Tim Linhart’s Ice Cellos
Tim Linhart has been building ice cellos for 20 years, and in that time has made 26 – and counting.
It takes Linhart about a week to construct the ice body of a cello. Inside the instrument is a metal spine, and this (along with a wooden neck, fingerboard, and traditional tailpiece) is re-used each year.
Linhart’s ice cellos have thick ice bridges with a metal guard on top to protect them from the cello strings.
Linhart started as an ice sculptor 36 years ago and made his first ice instrument – an octobass – in 1998. Despite having this first ice bass explode as he tightened its strings, he persisted and has made successful instruments ever since. He made his first ice cellos in 2000.
In addition to being an expert with ice, he also studied traditional violin making, learning about shapes, and thicknesses.
He says that the
greatest challenge in building an ice cello is that when you thin the plates down to a thickness which will produce any sound, they are so thin that they become extremely fragile. Almost all plates break during the process of carving them.
Maintaining an Ice Cello
Even after an ice cello has been completed, the ice continues to move under the tension of the strings. He explains
Over time the face of the instrument is pushed down. This requires frequent readjustment of the height of the strings over the fingerboard.
Another issue is maintaining the thickness of the instrument. Sublimation results in the thinning of the plates, so to maintain an ice cello
water must be sprayed onto the instrument regularly.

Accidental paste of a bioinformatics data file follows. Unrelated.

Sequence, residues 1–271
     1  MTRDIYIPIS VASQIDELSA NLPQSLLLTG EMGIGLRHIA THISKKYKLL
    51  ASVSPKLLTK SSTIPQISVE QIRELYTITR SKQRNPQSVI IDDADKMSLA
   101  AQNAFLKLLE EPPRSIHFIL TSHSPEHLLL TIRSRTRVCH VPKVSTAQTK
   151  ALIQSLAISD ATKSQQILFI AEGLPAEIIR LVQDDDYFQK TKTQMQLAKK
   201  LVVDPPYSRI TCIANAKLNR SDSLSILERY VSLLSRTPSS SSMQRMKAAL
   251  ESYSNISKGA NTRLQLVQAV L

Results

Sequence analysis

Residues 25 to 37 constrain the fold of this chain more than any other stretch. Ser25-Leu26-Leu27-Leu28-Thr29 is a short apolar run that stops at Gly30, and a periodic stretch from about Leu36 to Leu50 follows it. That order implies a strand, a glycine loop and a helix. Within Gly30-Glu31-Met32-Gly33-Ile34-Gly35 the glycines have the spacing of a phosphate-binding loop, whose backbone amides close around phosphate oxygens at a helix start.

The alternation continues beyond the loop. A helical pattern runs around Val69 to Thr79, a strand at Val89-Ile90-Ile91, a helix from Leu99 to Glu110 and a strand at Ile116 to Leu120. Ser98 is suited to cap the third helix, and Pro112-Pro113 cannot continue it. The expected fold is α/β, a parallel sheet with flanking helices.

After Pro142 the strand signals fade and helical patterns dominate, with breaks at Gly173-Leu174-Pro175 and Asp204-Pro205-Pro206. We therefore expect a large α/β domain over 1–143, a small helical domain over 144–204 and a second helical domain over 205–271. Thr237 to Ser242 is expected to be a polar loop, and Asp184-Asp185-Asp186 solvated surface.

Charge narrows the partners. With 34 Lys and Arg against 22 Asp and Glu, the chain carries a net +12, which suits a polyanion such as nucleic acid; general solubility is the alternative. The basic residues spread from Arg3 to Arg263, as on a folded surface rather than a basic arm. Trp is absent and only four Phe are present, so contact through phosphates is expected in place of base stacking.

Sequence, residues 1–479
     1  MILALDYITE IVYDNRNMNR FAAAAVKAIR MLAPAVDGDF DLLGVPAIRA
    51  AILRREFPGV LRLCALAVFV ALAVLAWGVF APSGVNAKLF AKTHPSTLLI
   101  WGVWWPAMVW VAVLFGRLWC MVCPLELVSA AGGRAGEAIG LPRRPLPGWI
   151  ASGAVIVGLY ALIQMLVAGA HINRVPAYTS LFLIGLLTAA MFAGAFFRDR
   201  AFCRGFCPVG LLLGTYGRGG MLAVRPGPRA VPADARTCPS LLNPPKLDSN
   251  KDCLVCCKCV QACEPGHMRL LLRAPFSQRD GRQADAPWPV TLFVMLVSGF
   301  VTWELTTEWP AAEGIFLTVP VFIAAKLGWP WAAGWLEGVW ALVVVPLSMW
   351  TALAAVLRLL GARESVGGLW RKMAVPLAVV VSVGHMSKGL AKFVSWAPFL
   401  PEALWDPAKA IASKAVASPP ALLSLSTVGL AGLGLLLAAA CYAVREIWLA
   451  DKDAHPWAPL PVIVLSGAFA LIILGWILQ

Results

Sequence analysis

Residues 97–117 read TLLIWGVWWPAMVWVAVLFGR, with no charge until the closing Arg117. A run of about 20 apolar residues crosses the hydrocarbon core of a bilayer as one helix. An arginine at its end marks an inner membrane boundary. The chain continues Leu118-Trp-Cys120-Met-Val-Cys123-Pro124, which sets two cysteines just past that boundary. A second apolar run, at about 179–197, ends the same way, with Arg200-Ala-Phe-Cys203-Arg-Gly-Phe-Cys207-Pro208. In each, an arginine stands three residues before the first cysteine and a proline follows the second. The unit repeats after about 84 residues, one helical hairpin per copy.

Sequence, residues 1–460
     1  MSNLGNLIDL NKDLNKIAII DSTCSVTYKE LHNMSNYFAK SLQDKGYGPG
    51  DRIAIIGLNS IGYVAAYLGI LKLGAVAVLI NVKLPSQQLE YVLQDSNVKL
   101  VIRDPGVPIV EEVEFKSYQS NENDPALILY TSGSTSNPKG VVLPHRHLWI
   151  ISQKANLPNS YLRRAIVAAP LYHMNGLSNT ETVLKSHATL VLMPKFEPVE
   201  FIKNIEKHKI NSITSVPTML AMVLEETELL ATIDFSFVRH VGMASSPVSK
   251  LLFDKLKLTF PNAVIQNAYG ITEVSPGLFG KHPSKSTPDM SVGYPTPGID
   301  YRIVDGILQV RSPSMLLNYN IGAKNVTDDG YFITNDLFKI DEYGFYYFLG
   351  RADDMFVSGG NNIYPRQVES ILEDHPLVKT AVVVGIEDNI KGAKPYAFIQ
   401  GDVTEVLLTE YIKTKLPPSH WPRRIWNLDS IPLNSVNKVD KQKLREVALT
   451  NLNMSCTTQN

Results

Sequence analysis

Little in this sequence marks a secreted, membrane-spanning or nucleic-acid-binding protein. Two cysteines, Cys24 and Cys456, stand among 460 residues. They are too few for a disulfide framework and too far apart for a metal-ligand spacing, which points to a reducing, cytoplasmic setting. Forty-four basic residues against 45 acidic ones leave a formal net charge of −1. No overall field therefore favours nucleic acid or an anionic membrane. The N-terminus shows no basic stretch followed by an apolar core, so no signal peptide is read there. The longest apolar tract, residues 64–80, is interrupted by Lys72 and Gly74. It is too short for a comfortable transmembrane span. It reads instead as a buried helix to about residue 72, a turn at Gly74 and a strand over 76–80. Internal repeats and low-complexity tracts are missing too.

However, this can lead to other problems. The
relative heat in the water can cause the ice to rapidly expand and crack. The solution is to always consider the temperature before applying water to the ice.
Custom-Built Igloo Performance Space
In addition to making new ice cellos and other instruments, each season Linhart leads the building of a new concert igloo to seat up to 300 people.
The walls are 15 feet thick at the base and 3.5 feet thick on the ceiling. Over the winter season, musicians perform up to 77 concerts in this custom-built space.
Ice Cellos vs. Wooden Cellos
Ice and wooden cellos are very similar, but Linhart’s ice cellos are not mobile – they are fixed in place in the concert hall. The player must play without moving the instrument.
Another difference is tuning. Ice cellos need to be tuned much more often than wooden cellos. In concerts, they need to be re-tuned between each piece.
A New Discovery in Ice Cello Construction
With 20 years of experience making ice cellos and having made 26 in that time, he says
the cello is perhaps the most mature in terms of its development as an ice instrument.
But Linhart is always observing and learning, and he says he recently
made a new discovery! I experimented using “bubble water” instead of ordinary “still water” while creating the white ice material for the front and back plates of the instrument. The resulting material was more opaque and much lighter than usual. I call it foam ice. As soon as I touched it with a chisel I could feel that it was a totally different texture and I knew it would sound different.
He says that when the strings on this new cello were tightened,
the sound coming from the instrument was louder in volume, much warmer in tone, and more pleasing to my ear.
Linhart’s love of ice cello making is very clear, even after two decades. He says:
The process of discovery is ongoing and still fascinating. I can’t wait to hear what happens next.
We can’t, either.
Watch Tim Linhart Make an Ice Cello
This video, with Italian narration, shows Linhart make an ice cello.
Listen to Cellist Giovanni Sollima Play Linhart’s Ice Cellos
Contact Tim Linhart
Learn more on Linhart’s Ice Music website.
Contact him via email: info(at)icemusic.se.
- “Experience the Magic of Ice Music with Us.” Ice Music in Swedish Lapland, www.icemusic.se/.
- “Ice Music.” Facebook, www.facebook.com/icemusic.sweden/.
- “Ice Music: Tim Linhart.” Ice Music, Ice Instruments, and an Igloo Symphony Concert Hall, www.mountainyahoos.com/Ice_Music_Instruments_and_Symphony.html.
- Phone Interview with Tim Linhart.